Institut du Monde Arabe (Institut of the Arab world), located in Paris’ 5th arrondissement, is at once museum, library and cultural center. A Franco-Arab project, it also hosts a Lebanese panoramic rooftop restaurant and displays a contemporary East-West design.
Founded in 1980 in Paris when a group of 18 Arab countries concluded an agreement with France to inform and cooperate; the museum aids in sharing cultural exchanges and helps to form bridges between the Arab world and Europe. Libya later joined in ’84 and the building was completed in ’87.
Institut de Monde Arabe begins with artifacts found across Central Asia and the Middle East in the pre-Islamic period, including many beautiful mosaics from Roman Tunisia. It then moves into pottery styles, carpet, and jewelry.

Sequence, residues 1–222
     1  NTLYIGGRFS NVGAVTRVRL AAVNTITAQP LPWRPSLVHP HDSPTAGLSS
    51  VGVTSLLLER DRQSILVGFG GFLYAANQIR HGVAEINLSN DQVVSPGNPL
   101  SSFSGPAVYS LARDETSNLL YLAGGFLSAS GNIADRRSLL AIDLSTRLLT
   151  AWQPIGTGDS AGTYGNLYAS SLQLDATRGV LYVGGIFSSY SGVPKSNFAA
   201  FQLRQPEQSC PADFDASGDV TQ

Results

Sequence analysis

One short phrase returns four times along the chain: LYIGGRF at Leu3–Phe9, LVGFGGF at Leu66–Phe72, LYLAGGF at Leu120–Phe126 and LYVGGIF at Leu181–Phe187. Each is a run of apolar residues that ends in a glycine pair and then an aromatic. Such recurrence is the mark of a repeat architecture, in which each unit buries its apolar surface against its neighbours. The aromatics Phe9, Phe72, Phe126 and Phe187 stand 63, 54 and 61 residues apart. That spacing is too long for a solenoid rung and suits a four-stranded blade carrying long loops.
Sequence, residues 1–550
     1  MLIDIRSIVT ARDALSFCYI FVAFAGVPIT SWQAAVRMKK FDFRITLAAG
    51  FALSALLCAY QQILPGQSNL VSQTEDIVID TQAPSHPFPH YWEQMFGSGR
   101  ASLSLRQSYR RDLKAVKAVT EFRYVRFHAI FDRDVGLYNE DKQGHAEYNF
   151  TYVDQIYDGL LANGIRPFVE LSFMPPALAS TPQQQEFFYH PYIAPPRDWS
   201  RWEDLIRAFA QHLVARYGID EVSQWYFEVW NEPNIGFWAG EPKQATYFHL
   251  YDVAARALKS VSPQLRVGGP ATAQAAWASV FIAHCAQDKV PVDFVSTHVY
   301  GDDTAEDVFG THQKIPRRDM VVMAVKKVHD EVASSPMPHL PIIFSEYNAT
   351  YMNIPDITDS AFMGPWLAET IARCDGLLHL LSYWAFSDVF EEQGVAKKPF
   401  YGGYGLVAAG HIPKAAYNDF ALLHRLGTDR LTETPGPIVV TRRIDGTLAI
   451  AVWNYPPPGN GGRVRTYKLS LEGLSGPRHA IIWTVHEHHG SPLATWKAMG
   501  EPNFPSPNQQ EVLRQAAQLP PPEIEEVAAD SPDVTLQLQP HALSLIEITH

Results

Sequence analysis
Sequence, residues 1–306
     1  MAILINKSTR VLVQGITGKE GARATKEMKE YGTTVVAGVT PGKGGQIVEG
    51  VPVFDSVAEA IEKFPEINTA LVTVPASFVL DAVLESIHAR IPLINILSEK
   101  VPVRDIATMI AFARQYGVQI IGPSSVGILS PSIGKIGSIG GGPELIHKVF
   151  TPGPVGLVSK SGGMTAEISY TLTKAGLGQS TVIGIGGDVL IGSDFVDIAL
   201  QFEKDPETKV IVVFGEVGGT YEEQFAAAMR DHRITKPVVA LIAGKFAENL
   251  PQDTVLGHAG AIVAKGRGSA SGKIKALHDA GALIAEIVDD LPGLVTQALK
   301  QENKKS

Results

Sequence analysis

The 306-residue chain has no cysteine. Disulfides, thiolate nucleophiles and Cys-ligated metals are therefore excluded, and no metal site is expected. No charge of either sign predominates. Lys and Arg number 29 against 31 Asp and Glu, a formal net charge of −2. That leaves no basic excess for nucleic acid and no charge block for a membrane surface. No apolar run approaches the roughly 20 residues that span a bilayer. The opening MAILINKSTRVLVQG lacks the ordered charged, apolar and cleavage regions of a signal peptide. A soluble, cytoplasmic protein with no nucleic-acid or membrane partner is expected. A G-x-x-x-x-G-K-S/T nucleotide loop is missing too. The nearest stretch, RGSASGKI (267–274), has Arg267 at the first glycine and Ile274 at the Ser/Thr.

The stars of the museum’s collection, however, are the illuminated manuscripts and calligraphy. Calligraphy was the central artistic endeavor of the Middle East, and the decorated Korans on display are a prime example. The collection includes the rarer Kufic script, the oldest form of Arabic writing, which dates back before 600A.D. and is the style in which the earliest known Korans were written.
The museum also features medical and astronomical instruments, which serve to illustrate how much further advanced the Arab world was in the pre-Renaissance period. Succinctly said, the historical insight and artistic beauty provided by the Institut de Monde Arabe make it a worthwhile, near essential stop.
Words of warning: Photography inside the museum is not encouraged; if you are going to take photos, please be sensitive and remember that many of the artifacts are old and delicate- no flash! As with many museums in Paris, there isn’t any information written in English… audio guide to the rescue! 5 euro.
edited by Juliette Todd – Amateur Traveler Editor